Thursday, 17 January 2013

Fifty Shades of Taste

It's unbelievable how often I hear about this book these days. "Fifty shades of Grey". It has become a sort of a reference point, you need to mention it to appear fashion-forward and well-read. I read this "novel" last summer, by accident. ("Yeah, right" you must be thinking). 

Arriving to the Zurich airport to leave for vacations I realized I had nothing to read on the plane. So I stepped into the airport bookshop to get something funny and light for the flight. The choice was no brainer - "Fifty shades of Grey" has been all over the place, so I picked it up, read a summary and a few lines from a random page. Already sitting in the plane I looked at a small print on the back of the book: "erotic novel"... I cringed.

The plot: Anastasia Steele, a virgin student, meets a young magnate of unusual sexual practices.  He is into dominance/submission, she is not, the figures. A nice script for a uncomplicated adult movie. I admit I could have lived with the plot if the text was at least a tiny bit more complex. The most frequent phrase of the book is "Oh, my...". C'mon you guys! 

One of the rare people who didn't like the book was Zoe Williams from the Guardian (Dear Zoe Williams, if we were not worlds apart we might have possibly become friends!): "It's the fastest-selling novel for adults of all time – and it's very adult in content. Why have millions of women been seduced by Fifty Shades of Grey?" (I am asking myself the same question.) "James's sex scenes are not incidental, they are the meat of the plot, the crux of the conflict, the key to at least one of and possibly both the central characters. It is a sex book. It is not a book with sex in it."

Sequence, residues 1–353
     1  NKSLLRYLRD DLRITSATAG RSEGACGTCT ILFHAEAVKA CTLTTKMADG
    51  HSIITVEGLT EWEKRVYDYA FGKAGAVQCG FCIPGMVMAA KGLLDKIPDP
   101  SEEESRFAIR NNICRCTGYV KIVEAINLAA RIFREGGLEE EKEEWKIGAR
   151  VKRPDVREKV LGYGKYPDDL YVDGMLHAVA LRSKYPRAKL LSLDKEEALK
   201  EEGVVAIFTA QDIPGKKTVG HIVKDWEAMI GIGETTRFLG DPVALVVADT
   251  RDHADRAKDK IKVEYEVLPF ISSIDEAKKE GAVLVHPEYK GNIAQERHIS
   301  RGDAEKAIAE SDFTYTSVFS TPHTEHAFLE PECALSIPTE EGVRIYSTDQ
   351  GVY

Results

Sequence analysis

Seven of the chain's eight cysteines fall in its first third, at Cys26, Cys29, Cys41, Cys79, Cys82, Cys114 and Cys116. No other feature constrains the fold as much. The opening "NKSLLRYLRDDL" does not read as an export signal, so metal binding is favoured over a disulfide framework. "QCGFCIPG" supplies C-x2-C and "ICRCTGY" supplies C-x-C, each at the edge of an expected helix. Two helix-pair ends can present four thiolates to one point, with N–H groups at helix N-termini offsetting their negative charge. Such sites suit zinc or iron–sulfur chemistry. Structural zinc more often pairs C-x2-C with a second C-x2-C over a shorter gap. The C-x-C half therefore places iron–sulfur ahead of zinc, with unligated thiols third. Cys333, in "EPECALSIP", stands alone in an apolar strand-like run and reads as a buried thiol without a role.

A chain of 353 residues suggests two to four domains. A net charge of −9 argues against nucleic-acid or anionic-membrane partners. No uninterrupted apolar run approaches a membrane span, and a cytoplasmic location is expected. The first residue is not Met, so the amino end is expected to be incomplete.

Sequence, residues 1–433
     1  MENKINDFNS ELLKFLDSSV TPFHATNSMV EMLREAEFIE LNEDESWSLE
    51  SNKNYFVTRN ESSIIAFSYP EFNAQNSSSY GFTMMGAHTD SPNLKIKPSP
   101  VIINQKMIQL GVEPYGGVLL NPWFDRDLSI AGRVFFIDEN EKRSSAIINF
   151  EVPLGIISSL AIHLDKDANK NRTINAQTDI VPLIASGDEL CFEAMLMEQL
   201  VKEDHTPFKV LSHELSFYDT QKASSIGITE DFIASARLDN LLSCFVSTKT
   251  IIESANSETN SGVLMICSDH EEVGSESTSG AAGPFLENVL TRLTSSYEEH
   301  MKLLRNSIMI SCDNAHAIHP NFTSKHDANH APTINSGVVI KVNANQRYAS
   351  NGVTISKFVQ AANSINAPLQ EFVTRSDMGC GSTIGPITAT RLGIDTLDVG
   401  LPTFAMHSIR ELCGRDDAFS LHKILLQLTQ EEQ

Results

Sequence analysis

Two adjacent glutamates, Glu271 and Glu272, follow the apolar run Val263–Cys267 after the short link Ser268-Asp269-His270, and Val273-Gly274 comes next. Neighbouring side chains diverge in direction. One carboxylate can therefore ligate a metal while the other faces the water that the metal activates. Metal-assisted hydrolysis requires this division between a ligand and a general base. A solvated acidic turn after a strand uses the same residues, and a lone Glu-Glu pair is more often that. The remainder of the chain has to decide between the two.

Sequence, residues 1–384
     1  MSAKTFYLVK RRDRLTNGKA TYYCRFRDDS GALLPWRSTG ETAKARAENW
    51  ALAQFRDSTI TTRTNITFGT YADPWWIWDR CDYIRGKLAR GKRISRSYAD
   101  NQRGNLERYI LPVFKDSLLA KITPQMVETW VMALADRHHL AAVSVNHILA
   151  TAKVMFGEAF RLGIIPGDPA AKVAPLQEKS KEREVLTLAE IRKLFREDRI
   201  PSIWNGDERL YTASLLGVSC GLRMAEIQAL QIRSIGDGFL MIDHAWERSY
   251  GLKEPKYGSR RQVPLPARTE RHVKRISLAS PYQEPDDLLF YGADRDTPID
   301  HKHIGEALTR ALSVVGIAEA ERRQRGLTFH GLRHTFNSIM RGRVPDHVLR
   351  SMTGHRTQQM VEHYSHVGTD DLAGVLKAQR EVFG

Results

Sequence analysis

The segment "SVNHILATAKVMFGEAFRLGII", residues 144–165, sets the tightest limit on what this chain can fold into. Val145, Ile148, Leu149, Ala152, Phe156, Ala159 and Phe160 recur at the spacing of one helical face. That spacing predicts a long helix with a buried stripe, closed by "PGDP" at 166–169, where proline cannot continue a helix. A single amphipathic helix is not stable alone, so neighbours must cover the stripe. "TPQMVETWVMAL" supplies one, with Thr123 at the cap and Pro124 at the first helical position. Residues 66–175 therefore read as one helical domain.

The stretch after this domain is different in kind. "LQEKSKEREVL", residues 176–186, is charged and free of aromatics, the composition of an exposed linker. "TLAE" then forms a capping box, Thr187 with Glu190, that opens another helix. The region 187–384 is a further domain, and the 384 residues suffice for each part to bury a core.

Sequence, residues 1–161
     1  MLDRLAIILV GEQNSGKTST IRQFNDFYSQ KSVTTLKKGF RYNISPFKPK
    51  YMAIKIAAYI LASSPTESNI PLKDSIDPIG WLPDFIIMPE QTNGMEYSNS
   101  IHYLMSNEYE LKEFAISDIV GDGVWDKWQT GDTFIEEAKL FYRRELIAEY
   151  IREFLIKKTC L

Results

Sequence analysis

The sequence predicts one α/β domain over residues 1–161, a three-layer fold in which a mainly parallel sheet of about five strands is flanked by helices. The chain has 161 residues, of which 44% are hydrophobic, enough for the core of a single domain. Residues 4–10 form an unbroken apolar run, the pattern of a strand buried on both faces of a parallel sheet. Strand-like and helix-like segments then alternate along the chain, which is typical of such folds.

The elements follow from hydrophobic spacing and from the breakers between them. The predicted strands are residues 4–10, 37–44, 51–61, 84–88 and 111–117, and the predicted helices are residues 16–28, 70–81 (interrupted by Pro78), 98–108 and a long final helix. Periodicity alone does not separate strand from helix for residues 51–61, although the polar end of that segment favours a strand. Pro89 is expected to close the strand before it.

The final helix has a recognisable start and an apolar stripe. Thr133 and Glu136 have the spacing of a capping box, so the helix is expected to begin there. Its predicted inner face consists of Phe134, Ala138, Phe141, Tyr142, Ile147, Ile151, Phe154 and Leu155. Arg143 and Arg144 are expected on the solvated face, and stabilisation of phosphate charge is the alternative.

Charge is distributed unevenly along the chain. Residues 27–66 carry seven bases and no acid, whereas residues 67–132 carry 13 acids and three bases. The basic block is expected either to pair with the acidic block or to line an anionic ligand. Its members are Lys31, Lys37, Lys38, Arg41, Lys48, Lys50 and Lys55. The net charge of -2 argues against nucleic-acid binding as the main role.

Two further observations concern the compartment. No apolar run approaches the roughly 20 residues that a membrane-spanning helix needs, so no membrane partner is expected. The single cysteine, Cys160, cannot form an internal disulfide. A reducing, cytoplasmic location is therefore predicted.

In short, I had a hard time finishing the novel and I have not a slightest interest of knowing what happens to their butt plugs in the next two parts, but if something extraordinary happens, please let me know!

Nice weekend and sweet consensual sex, everyone!



1 comment:

  1. What a great book for frustrated middle-aged, unimaginative women. (Pretty creepy too.)

    It's amazing how much money this woman has made writing this drivel. It should be titled "Fifty Shades of Banality," or better yet, "Fifty Hours of Wasting Your Life."

    How I wish we could return to the days of a more subtle description of human interaction.

    We've devolved pretty far from the definition of love. (People seem to have a never-ending problem confusing love and sex.)

    I'll stick with Emily Brontë and "Wuthering Heights," or Jane Austen's "Pride and Prejudice." That's love...spoken from the heart, in sublime, eloquent, and beautiful verse, with haunted moors in cold driving rain, and, hard as it is to believe, narratives with PLOTS!

    These ideals of romance are lost in the 21st century, fragments and footnotes of a time lost. And somehow, both novels were written without once referring to "butt plugs."